Lastly, connect the yellow output pin of the “Get Actor Location” node to the yellow input pin on the “Set Player Position” node. Now if our save game object is valid we will save the player character location to the save file on disk.

Connecting the Get Actor Location output value to the Set Player Position node.

If the Save File is not Valid

If the save game object isn’t valid, we need to create it before saving any data.

Firstly, create a “Create Save Game Object” node, set the purple input value to our previously created save game class, then connect this to the “Is Not Valid” pin as shown below.

Creating a Create Save Game Object node from the Is Not Valid pin.

Next, set the Game Instance SaveGame variable to the blue output pin of the “Create Save Game Object” node.

Setting the Save Game value to the output of the Create Save Game Object node.

Then, connect the “Set Save Game” node to the “Set Player Position” node as shown below. This will save the player character’s position after the “Save Game” object is valid.

Connecting the Set SaveGame node to the other blueprints and cleaning them up.

Finally, create either a “Save Game to Slot” or “Async Save Game to Slot” node from the blue SaveGame variable.

If your game needs to save lots of information, use the “Async Save Game to Slot” node.

If your game only saves a small amount of data, use the “Save Game to Slot” node.

Creating a Save the Game to Slot node from the SaveGame variable.

Make sure to set the “Slot Name” variable to the name you used earlier. In our case this was “savegame”.

Saving the game to the savegame slot.

Saving and Loading the Player Position

Now that your Save and Load system is complete, we need to trigger this functionality.

In your Player Character class add an Key Press Event. For this guide we used the number 1 key from our ThirdPersonCharacterBP class.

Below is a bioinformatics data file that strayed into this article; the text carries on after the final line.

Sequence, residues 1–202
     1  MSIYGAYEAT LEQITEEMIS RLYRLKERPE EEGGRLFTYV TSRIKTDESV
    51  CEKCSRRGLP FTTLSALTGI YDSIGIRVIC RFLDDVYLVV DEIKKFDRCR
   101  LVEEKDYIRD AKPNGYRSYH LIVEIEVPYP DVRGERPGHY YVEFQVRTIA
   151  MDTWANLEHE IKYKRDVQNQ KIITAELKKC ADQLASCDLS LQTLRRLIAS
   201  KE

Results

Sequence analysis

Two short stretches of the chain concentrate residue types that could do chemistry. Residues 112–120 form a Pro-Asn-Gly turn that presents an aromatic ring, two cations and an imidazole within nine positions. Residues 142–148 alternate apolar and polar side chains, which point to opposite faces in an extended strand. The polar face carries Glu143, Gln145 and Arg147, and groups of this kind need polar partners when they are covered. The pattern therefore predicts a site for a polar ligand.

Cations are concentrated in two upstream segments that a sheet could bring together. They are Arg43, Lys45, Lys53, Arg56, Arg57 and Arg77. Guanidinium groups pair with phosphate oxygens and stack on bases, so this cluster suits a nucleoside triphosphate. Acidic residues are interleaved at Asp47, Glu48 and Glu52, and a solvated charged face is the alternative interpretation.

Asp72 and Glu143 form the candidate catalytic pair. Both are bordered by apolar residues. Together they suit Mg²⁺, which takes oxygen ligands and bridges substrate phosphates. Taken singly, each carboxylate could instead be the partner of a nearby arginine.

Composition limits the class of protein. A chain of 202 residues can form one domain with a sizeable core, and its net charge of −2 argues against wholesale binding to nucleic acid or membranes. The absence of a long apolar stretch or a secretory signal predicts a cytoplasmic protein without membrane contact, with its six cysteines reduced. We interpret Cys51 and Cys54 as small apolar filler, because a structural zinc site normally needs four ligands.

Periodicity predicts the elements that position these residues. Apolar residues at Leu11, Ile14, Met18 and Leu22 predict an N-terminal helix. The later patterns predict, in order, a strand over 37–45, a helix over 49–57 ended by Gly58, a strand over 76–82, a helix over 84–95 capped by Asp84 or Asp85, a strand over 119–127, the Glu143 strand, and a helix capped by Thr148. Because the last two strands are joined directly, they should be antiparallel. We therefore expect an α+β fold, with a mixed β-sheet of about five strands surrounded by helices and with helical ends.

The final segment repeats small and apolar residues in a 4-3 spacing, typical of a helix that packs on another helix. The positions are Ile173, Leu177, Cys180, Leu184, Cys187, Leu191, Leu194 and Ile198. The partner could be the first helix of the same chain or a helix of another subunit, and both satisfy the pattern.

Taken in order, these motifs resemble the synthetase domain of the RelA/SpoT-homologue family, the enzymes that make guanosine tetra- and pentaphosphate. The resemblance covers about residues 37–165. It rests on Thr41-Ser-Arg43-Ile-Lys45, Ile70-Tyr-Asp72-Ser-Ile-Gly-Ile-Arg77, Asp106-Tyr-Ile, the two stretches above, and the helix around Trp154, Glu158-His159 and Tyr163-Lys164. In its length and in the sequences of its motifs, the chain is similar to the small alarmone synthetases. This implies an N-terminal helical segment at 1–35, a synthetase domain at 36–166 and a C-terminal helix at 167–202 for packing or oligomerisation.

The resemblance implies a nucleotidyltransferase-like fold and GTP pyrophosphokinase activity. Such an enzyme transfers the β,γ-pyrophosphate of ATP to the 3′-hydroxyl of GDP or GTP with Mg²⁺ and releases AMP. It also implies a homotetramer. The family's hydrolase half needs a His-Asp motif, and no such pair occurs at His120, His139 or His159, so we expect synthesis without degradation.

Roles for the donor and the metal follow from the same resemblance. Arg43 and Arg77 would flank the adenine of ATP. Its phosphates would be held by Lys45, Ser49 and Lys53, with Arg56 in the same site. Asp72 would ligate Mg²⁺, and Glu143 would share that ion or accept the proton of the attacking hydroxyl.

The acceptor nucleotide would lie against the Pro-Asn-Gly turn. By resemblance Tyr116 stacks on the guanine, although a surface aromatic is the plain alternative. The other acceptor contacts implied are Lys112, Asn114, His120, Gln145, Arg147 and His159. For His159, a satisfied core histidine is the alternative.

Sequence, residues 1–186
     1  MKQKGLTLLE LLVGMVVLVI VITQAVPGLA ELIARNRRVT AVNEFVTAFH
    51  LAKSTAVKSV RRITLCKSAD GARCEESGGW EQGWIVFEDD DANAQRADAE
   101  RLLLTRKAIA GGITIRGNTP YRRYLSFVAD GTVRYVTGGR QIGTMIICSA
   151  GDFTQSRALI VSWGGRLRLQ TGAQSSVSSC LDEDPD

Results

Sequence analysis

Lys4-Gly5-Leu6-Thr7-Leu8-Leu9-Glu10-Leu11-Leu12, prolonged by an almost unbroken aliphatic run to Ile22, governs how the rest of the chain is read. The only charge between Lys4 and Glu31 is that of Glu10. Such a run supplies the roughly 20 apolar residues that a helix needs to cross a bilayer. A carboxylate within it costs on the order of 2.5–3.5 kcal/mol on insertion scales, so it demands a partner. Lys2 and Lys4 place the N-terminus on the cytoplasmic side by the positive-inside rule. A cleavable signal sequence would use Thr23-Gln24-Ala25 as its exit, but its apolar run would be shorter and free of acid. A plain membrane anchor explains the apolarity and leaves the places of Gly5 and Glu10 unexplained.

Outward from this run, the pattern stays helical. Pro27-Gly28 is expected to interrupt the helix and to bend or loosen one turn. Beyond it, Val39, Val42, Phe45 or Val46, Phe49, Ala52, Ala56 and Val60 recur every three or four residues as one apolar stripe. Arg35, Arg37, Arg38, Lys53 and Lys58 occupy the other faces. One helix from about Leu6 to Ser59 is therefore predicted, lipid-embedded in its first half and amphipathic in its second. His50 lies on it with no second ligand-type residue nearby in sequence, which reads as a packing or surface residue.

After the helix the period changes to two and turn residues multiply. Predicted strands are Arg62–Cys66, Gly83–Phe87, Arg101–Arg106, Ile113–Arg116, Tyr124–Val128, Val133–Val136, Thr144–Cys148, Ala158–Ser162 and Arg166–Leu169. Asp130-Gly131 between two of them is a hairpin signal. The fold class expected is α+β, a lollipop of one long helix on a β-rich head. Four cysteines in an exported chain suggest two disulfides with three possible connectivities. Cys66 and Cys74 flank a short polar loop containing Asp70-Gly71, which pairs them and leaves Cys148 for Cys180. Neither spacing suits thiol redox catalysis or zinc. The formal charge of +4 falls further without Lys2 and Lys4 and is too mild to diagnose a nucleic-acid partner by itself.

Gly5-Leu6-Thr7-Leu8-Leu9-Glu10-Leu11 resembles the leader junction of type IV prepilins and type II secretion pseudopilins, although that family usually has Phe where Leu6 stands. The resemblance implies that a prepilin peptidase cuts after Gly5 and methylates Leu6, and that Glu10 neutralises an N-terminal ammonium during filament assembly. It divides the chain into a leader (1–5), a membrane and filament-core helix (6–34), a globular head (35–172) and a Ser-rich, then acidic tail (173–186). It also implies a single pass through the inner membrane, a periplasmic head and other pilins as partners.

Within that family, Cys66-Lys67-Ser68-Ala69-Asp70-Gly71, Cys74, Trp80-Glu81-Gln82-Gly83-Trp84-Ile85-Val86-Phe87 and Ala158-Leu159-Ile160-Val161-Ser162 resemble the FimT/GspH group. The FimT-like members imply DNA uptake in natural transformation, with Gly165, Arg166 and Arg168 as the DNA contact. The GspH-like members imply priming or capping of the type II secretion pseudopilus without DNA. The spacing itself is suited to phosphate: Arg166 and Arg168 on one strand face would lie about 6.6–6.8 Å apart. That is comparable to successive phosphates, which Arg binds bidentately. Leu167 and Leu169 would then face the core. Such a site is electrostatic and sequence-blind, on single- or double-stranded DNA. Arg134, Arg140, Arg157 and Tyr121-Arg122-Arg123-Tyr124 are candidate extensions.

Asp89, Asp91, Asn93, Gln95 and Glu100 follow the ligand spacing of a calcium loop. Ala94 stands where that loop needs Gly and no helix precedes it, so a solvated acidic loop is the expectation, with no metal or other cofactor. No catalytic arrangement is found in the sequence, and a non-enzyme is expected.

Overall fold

From there, create a “Get Game Instance” node and a “Cast To” node to your custom game instance. Connect the two as shown below.

Casting to the GameInstance from the Number 1 Key event

Next, from the blue “As Game Instance” pin, call the “Save” event we created earlier. Now when we press the number 1 key, our game will save the current player character’s position to the save file.

Calling the Save event from the Number 1 Key event Cast to Game Instance nodes.

Repeat the previous step for the number 2 key as shown in the image below.

Repeating the previous nodes for the Number 2 Key event

Finally, call the “Load” event from the “As Game Instance” blue pin. This will now load our saved player position from the save file and teleport our player to that position.

Calling the Load event from the Number 2 Key Cast to Game Instance nodes.


The player character saving and loading the location to and from the save file affecting the gameplay.

Download the Project Files


Now your project has saving and loading capabilities!

This is a very basic implementation but allows you to expand this further. Any data you want to save and load can be implemented into the events we created during this guide.

An example of this would be the player’s health. This variable could be created on the SaveGame, saved and loaded onto the character with minimal setup.

Further Reading:
Official UE4/5 documentation for the Saving and Loading in the engine.
Tom Looman’s great guide for implementing Saving and Loading for C++ classes